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A Walk in the Karoo

A Walk in the Karoo

An early morning hike up a mountain might seem like a mission reserved for the fit and adventurous. Yet, the pointer trail in the Karoo National Park is rewarding for everybody that tackles it, although a certain level of fitness will not hurt.

Words: René de Klerk

Picture: Petro Kotzé


Free of charge for overnight visitors, bookings must be made at reception by 19:00 on the day prior the hike. These guided walks take place from 06:00 and 11:00 in summer and 07:00 and 11:00 during winter months.

Although the walk starts quite steep, it is not an endurance test. Rather, its an introduction to the fascinating Karoo ecosystems. Gregory Fish, the friendly ranger and field guide that led the walk, ensured that the trip was interactive, and that hikers remembered the interesting facts they learnt along the way.

Fish says, among other interesting facts, that the last thing you want to do is walk through open patches used by animals for mud baths. Zebra use this technique to rid themselves of ticks and other parasites. Stand in it and you may just find yourself in hospital from tick bite fever or even Ebola, spread by the African bont tick.

You will learn just as much about plant species. Not only will you be able to identify the karoo shrubs, but also learn interesting facts about them. The boesmanskers (Sarcocaulon), with its stems sprouting from the ground will carry a single bright flower at the end of the stem resembling a flame. Interestingly, when you set a piece alight, the waxy bark can burn for around 15 minutes, explains Fish.

Aloes are all bitter and no animal will go out of their way to nibble on these plants, though Kudu have been known to take a bite to cure stomach ailments. Whenever you see a dug-out spot right next to a plant with some roots exposed it is likely the work of a porcupine. While these animals will never dig out a whole plant, they will eat a piece of the root and move on to the next in order to preserve the species.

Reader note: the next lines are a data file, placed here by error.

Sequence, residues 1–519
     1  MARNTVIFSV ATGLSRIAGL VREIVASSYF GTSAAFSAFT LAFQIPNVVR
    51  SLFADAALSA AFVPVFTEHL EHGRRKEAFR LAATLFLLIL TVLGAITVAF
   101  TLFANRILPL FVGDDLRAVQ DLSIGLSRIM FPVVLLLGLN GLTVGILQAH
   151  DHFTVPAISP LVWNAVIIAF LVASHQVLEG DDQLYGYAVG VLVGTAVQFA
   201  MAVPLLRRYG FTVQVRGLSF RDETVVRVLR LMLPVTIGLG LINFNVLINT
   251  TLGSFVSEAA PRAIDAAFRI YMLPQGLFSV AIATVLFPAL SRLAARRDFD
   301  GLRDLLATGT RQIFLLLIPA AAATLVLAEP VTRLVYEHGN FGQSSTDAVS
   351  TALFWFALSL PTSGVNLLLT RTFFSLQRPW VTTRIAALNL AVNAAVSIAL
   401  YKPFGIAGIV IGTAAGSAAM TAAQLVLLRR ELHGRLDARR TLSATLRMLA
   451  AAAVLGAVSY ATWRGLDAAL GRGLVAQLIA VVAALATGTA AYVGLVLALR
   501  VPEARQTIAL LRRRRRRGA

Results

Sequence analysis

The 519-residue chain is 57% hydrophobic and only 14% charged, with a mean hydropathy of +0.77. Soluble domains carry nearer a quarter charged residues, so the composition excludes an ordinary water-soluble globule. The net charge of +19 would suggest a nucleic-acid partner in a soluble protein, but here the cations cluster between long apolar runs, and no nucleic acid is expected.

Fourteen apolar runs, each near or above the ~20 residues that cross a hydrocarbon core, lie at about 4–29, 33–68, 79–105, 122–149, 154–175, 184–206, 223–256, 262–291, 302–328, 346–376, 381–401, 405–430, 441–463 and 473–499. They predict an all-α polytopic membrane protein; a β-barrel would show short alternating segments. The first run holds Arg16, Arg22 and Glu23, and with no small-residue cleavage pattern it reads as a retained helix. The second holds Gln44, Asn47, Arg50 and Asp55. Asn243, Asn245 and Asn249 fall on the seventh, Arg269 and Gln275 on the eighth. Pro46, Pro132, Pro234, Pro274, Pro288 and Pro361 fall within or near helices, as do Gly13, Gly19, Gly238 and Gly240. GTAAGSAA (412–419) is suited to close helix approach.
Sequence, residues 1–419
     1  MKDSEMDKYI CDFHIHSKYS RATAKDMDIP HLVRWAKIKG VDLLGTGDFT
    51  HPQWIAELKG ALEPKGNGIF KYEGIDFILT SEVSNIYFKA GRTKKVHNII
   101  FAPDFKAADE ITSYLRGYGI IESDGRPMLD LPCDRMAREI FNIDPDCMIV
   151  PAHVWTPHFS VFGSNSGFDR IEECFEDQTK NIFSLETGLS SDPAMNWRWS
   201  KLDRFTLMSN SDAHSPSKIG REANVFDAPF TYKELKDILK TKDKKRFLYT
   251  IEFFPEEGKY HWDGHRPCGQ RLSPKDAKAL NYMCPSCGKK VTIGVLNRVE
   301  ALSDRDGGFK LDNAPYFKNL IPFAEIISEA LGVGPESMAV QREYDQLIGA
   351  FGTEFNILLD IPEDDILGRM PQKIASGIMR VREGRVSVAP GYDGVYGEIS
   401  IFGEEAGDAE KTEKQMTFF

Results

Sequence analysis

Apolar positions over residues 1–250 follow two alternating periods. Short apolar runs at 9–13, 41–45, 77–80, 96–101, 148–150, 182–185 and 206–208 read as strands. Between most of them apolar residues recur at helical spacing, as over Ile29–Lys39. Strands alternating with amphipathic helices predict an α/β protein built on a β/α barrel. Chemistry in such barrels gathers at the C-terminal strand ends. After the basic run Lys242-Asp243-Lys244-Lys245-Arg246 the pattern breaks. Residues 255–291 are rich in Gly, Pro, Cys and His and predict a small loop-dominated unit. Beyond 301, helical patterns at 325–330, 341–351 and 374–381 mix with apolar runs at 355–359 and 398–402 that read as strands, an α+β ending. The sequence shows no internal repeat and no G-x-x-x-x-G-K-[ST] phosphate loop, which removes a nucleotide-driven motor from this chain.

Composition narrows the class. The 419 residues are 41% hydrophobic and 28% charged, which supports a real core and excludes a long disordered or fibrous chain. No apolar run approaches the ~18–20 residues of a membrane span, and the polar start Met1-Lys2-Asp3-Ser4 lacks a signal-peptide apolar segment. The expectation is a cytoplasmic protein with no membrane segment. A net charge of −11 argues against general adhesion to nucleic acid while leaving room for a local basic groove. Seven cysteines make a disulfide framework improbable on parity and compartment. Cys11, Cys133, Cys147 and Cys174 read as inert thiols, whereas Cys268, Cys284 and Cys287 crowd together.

On the walk a number of animals were identified by their droppings. Although it doesn’t sound glamorous, it is truly exciting when you start identifying animals correctly. The only animals we physically came across along the way were the rock hyrax and a mountain zebra with her foal.

If you’re up to it, you can walk all the way up to “The Pointer” to gaze at the Karoo from 680m above sea-level. The park has excellent guides, who will answer questions on anything from geology, plants and mammals on the way up.

After the experience, you too could be able to, among others, identify the sex of animals from long distances by their horns. You may even spot fossils among the rocks as the area is known for its rich geological history.

A walk in the Karoo National Park may provide you with much more than you expected and you will finish feeling enriched and more educated. The beautiful views of the park from the top of the mountain simply make the experience so much more rewarding.

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